This is a traffic cone asset that I have created for ‘the street’ project.
Diffuse Maps (Colour Maps) – They are used to add colour or texture to the surface of a model.
Specular Maps (Gloss Maps) – They are used to make areas of a model shiny, used when modelling metals, ceramics and general shiny objects.
Normal Maps (Bump Maps – Used to give textures a more realistic look by adding bumps to them making them not look perfectly flat.
Reflection Maps – Used to make parts of a texture reflective.
Alpha Maps (Transparency Maps) – They indicate which parts of the texture should not be included, used for objects like nets and fences.
UV Mapping – The process of putting 2D textures onto 3D models. UV stands for the axis because XYZ are already used.
XYZ – The axis used in 3DS Max, X and Y being the 2D axis and Z adding the 3D depth.
Vertex – The corners/points of objects, for example a box have 8 vertices.
Polygon – A polygon or poly is what models are made up of in 3DS Max, it is a face and most commonly has 4 vertices. An example is that one side of a bow will be 1 polygon, the box has a whole will have 6 polygons.
Ambient Light – Is a fixed light source that affects all the objects in the scene equally. Used to provide scenes with basic light.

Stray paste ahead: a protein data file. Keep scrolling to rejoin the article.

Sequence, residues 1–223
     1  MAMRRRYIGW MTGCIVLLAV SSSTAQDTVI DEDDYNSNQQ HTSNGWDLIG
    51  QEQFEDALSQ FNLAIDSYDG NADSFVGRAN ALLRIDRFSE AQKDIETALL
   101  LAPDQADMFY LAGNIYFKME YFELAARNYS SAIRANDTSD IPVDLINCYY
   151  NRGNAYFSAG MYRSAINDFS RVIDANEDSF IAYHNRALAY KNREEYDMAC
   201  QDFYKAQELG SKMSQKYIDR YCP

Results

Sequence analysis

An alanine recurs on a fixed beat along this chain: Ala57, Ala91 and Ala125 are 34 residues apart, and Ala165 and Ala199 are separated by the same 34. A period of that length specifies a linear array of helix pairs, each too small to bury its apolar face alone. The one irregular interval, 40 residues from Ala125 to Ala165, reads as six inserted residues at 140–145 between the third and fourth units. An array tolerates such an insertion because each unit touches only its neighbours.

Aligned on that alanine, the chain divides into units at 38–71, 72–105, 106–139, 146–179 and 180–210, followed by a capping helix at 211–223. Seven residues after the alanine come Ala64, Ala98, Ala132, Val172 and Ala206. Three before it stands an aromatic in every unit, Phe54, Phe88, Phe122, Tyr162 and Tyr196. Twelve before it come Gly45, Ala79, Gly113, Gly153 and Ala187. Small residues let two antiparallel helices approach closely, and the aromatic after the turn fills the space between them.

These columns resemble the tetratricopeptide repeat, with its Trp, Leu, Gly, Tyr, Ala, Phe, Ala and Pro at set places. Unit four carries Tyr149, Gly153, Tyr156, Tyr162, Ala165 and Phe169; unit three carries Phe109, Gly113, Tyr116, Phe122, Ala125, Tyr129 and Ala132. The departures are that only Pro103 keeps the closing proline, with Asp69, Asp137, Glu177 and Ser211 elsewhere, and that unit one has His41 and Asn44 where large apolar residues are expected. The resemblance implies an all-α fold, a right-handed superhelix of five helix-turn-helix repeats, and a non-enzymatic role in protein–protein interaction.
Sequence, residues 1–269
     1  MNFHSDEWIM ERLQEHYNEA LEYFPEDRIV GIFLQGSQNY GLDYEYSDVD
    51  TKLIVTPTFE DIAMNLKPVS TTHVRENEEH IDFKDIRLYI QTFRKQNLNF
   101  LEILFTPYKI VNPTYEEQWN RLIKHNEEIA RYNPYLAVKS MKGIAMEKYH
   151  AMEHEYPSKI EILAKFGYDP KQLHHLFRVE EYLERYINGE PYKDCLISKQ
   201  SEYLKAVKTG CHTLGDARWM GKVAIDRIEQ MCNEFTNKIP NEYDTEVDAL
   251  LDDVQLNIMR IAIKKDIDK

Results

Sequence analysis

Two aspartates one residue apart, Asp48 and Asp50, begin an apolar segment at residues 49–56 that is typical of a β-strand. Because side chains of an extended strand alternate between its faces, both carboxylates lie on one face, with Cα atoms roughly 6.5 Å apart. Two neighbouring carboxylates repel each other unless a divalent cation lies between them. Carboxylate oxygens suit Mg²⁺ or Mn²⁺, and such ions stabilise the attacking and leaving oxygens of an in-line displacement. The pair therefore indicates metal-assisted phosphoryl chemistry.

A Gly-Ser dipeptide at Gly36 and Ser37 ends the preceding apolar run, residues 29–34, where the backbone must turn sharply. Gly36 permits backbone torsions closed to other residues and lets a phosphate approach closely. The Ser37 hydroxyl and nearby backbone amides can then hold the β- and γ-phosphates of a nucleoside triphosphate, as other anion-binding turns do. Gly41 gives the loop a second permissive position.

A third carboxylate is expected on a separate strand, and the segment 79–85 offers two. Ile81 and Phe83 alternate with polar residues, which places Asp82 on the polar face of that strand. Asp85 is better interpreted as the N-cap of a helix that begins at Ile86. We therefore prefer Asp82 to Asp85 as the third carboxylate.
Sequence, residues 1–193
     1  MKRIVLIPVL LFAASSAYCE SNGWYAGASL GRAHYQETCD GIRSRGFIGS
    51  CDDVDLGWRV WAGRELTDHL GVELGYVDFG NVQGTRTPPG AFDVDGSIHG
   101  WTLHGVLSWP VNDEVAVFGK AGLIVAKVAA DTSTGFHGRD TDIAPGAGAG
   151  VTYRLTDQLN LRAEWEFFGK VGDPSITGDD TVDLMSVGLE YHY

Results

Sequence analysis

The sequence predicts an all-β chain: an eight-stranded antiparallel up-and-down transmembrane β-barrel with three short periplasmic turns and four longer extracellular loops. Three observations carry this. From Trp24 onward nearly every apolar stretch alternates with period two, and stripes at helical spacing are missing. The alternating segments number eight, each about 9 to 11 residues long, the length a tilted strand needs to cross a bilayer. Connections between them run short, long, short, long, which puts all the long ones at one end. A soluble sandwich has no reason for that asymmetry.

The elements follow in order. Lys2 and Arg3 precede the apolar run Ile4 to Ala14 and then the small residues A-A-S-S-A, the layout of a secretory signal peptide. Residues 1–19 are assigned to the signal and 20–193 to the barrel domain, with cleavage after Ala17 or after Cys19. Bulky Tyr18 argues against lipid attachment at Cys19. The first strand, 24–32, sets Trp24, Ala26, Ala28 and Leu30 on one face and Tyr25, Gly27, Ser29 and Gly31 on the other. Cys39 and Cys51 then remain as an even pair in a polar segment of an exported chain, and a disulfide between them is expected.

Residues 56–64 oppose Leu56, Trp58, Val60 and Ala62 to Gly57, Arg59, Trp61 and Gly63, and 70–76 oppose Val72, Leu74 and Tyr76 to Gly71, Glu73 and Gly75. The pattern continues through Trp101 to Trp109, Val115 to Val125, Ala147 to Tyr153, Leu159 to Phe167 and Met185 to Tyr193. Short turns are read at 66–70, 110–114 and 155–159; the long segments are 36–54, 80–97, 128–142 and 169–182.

Ambient Occlusion – Tries to replicate how light would reflect off objects in real life.
Anti-Aliasing – Is used to smooth pixels and make rendered objects look less pixelated.
Axis – What you move models on.
Bitmap – Is a file type used to texture models, bitmaps are also contained in other file types like JPEG for example.
Boolean – Is a function used to cut shapes out of models.
Parent – When models are linked the parent is the one they will follow.
Child – The child follows the parent model.
Co-Ordinates – Shows where your object is on the scene, object can be moved and rotated using co-ordinates.
DOF (Depth of Field) – This is used to bring focus to a certain object and blurring the rest.
Extrusion – A tool which extends a face of an model, creating more polygons in the process.
Geometry – The shapes themselves.
HDRI (High-dynamic-range imaging) – The main feature is that the value of each pixel is proportional with the quantity of light on each pixel. Basically instead of just storing colours on the screen like normal bitmaps do, the HDRI format stores the quantity of light per pixel. Meaning we can have more then 256 levels of luminosity. Source
Inverse Kinematics (IK) – Is a method of animating that reverses the direction of the chain manipulation. Rather than work from the root of the tree, it works from the leaves. Source
Material – Can be multiple textures together to add to a model.
Mesh – Wire-frame of a model, like a net and helps in the texturing process.
Orthographic – A camera or view that is two-dimensional, looking straight on at the model.
Perspective – A view that shows everything in real life perspective.
Quads – 4 sided polygons.
Tris – 3 sided polygons.
Tiling – The process of making textures look seamless.
Paul told us some technical constraints to take into consideration for ‘the street’ project, like the following:
- Have to use FBX file format to put 3DS Max models into UDK.
- Textures have to be TGA (TARGA) file format NOT Jpeg.